I choose to use the data set of the national education registry since it is highly dynamic and it contains addresses, which makes it possible to potentially georeference the features.

The data used is available in csv format, which can easily be accessed online via the CSV reader (just point it to the url). For limiting sorting and filtering the incoming data, see my previous post: Where clause on text.
This results in a continuously updated data source, which is great to have but poses a challenge when displaying the results.

 Georeferencing the data.

    For georeferencing the source data I am using the BAG Geocoding service, available via the National SDI.
    An easy way in FME to access the service is by a HTTPFetcher transformer.
    By constructing the URL in the transformer's text editor and making use of attributes values, a very flexible solution is created.

    BAG Geocoding service results.

    The BAG Geocoding service returns the location(s) in an XML snippet that translates into geometry and attributes. In case of ambiguity or lack of sufficient input, the service returns an aggregate geometry.
    Somewhere in the aggregate geometry the corresponding location and attributes can be found (well most of the times...)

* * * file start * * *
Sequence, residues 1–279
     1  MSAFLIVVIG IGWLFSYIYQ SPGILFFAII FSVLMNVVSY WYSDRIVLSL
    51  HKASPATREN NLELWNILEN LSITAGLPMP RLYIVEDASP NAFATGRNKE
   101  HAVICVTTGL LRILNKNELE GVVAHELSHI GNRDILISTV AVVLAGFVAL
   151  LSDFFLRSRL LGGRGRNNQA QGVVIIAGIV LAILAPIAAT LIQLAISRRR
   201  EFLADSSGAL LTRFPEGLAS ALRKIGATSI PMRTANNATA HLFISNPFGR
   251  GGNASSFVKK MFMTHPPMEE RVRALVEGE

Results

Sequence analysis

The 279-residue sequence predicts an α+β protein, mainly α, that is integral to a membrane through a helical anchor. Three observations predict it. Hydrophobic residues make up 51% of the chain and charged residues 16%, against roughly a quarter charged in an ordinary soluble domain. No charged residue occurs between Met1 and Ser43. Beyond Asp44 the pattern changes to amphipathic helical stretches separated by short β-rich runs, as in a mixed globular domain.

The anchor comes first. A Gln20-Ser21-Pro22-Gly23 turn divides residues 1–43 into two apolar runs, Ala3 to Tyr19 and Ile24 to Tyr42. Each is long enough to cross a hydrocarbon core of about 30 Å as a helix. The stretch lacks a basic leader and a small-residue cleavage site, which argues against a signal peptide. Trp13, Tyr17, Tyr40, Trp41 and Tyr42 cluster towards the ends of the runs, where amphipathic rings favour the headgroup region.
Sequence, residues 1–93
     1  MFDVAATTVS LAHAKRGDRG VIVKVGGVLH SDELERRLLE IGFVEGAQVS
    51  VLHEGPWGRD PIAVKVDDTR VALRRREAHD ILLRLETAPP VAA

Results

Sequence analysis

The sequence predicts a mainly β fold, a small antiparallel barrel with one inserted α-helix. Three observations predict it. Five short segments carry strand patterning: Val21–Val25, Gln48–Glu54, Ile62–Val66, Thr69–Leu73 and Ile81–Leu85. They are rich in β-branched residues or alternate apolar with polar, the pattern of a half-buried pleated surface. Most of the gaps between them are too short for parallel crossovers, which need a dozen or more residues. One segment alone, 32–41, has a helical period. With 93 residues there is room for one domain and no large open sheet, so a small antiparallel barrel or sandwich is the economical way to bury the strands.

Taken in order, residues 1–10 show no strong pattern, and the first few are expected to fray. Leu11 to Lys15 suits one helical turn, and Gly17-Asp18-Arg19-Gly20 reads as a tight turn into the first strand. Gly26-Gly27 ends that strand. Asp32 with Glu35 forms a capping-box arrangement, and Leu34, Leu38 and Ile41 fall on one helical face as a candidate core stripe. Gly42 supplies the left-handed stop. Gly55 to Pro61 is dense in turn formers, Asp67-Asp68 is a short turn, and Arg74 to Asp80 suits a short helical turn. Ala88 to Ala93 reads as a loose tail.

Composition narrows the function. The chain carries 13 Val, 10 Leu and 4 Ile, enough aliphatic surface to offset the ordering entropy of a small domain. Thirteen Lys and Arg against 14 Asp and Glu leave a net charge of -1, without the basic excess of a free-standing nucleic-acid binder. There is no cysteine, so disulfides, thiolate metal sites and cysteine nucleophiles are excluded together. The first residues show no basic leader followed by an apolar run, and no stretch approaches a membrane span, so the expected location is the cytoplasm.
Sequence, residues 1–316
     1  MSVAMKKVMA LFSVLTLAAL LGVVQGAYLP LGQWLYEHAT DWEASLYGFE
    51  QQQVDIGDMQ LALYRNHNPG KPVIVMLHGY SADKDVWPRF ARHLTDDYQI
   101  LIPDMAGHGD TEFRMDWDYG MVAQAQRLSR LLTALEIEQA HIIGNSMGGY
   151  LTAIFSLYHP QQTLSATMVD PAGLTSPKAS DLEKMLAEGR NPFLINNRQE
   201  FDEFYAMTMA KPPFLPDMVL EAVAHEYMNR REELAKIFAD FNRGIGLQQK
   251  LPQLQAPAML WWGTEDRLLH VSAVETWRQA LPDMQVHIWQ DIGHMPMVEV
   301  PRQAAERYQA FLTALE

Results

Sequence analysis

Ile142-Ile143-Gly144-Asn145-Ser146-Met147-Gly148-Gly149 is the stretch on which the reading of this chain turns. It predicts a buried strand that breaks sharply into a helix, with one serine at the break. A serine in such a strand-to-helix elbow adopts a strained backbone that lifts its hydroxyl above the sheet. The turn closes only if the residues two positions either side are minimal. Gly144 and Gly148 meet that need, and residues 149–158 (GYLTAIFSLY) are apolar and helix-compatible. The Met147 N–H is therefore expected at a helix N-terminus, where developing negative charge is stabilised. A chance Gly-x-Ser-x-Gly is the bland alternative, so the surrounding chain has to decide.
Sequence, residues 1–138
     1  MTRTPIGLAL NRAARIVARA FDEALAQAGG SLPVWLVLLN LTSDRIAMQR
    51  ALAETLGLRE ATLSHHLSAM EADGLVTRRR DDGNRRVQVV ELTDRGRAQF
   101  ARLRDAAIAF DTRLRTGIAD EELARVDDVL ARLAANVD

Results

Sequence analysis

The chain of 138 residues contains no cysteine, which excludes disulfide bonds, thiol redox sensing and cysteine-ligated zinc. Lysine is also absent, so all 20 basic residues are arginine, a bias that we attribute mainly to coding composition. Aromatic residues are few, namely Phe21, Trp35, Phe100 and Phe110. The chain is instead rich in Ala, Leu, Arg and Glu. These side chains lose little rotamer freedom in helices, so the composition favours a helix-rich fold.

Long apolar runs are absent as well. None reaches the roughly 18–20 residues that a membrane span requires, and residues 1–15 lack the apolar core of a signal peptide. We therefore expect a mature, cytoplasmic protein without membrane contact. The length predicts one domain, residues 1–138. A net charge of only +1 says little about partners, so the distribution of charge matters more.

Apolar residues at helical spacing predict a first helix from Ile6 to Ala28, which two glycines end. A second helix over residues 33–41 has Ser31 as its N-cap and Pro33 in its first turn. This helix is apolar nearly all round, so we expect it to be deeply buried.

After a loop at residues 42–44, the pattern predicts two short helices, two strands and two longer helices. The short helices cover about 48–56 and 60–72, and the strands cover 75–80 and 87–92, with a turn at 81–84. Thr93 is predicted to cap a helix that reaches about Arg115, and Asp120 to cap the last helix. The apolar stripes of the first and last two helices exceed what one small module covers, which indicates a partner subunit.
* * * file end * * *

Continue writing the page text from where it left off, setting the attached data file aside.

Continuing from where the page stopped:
Using the total count of both georeferenced and failed features, simple statistics (percentage of correct georeferencing) can be gathered and used for display.


    Interpreting the results.

    Some of the 'failed' to georeference features do actually exist (BAG Web) and can be correctly geocoded by slightly changing the address used, see for example georeferenced (note the street tag) and not georeferenced (note URL used =  input address)

    Displaying the results.

    I am using Google Fusion Tables to display  the results since it is an easy way to share geographical information (article is in dutch)
    Also non-spatial data can be shared this way and the failed features are saved into a non-spatial Google Fusion Table. Needless to say FME supports both spatial and non spatial reading and writing of this format.
    Some limitations of this format are the number of features supported and that it is still considered an experimental format, something that unfortunately makes it less reliable.
    As mentioned before the input source data is updated frequently and in contrast the displayed results are static and present a moment in time.

    Map of results, created 1-10-2014.

    Findings and (possible) future developments.

    A way to keep the displayed results up to date would be to use FME Cloud, something I still have not got around to try. I imagine that using FME Cloud to run this workspace would not require almost any resources or adaptations, since most of the data is on-line.
    Some of the finding are:

    • Saving the source csv data is necessary due to memory issues (something that is easily done in the HTTPFetcher)
    • Another curious issue found is that using the postcode in the request string actually results in less features georeferenced.
    Don't forget that by the time you read this post the output might look very different.